A few months ago, I stumbled upon the existance of a mySQL project called ReThink DB that re-writes the MySQL storage engine to be optimized for SSDs.
Really cool, really really cool. I’m surprised it’s not causing more of a fuss.
If you’ve ever used an SSD, you’ll understand the difference they make to your PC. Somehow, it’s like a weight has been lifted – there is no more crunching sound when you try to load stuff, it just appears quickly and silently. Removing the hard drive has made my day-to-day much nicer: when I start eclipse, it just loads, and when I do a search, within about 5 silent seconds it has found what I’m looking for. (With no noisy background indexing.) It basically improves your PCs performance for file intensive applications by an order of magnitude, and databases are no exception.
But Rethink’s argument is that, aside from the order of magnitude gain from the raw performance of SSDs, there is a second order of magnitude gain to be had by the rewriting of database algorithms. And the more I read into it, the more I know they are right.
Think about it. Think of all the hacks we do to make DBs faster for disks that just aren’t relevant any more.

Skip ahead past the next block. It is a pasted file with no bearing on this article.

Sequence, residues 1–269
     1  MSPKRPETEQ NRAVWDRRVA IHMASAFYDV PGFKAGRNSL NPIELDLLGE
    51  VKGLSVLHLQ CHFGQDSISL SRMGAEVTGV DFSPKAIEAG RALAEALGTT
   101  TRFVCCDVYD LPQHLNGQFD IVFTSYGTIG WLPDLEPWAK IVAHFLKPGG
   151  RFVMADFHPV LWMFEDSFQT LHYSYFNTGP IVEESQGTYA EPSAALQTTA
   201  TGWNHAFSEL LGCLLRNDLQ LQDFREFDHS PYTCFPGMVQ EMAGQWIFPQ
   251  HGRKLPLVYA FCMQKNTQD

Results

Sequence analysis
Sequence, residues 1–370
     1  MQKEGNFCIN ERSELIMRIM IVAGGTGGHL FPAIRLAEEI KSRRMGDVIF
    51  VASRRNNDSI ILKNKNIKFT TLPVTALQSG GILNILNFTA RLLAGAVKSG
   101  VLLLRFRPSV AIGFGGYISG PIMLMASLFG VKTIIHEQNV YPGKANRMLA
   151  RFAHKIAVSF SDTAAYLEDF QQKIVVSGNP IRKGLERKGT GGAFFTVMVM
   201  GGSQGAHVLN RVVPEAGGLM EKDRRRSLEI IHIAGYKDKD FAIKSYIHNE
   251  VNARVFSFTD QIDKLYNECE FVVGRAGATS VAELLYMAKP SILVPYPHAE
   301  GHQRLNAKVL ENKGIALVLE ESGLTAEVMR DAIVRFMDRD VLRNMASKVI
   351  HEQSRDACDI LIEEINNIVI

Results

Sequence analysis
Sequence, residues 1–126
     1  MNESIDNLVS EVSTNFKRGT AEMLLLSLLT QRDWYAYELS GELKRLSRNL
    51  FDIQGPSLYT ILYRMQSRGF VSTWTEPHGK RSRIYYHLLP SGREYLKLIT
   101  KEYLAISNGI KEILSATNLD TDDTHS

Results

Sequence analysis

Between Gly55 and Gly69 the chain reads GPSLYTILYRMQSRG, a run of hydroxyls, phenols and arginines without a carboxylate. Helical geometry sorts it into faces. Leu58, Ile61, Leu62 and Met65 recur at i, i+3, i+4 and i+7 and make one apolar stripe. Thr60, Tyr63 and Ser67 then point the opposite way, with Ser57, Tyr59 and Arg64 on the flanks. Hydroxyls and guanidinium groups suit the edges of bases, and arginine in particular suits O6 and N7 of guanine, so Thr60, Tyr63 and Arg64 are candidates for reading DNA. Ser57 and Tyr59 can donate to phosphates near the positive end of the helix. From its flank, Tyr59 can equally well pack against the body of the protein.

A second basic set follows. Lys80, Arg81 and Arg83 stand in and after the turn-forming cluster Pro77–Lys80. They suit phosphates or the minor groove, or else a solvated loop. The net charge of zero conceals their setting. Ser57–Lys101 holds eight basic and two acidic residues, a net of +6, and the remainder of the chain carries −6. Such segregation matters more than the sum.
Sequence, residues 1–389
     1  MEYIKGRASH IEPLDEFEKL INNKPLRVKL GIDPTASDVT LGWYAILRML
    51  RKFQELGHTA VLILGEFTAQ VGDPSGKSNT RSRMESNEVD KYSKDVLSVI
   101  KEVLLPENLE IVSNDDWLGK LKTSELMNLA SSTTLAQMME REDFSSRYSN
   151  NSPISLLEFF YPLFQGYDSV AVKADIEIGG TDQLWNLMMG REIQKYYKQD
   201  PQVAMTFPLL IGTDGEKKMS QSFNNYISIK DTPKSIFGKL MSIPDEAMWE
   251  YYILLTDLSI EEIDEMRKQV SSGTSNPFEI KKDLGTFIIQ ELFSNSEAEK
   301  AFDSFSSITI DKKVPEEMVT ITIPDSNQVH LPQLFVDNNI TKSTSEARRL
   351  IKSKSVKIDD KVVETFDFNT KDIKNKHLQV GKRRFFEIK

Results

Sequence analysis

For example: SSDs can instantly append. So there is no more database transaction log. Just append stuff, and you relieve both the job of logging and appending. And you don’t need to worry about consistency, because you’re just appending. If you want to go back, just go back. Once you relive this, you also relieve a huge concurrency constraint, meaning you can actually use all 4 of those cores, all of the time. Not only does it improves the performance of the disk, but by removing a rotational element it also improves the consistency of that performance.
But really, Rethink is just the beginning. Rethink is building on the existing paradigms of databases to make things faster, but the real benefit will come from embracing new paradigms. I think there’s a third order of magnitude in this one that will really change the way we use databases. Systems like MapReduce allow a great way to perform massively parallel data processing but are sequential in terms of data access . At some point the data has to be put in an index (a H-Base or BigTable), which is on a disk cluster. But with SSDs, we have incredibly fast random access, which has an interesting element to add to that, now we have truly non-sequential access to input data. Research like that of Logothetis and Yocum gives us a hint at the future — SSDs bring the power of indexing to the MapReduce party for free, just as a side-effect of their fast random reads. Of course, then you have to store all your data on SSDs, which for now is a bit pricey….
Anyway, the fun is only just beginning. Personally, I’m looking forward to Document DBs like Apache CouchDB becoming suddenly a lot more viable as replacements for those tedious relational mappings we were all forced to go through in the past.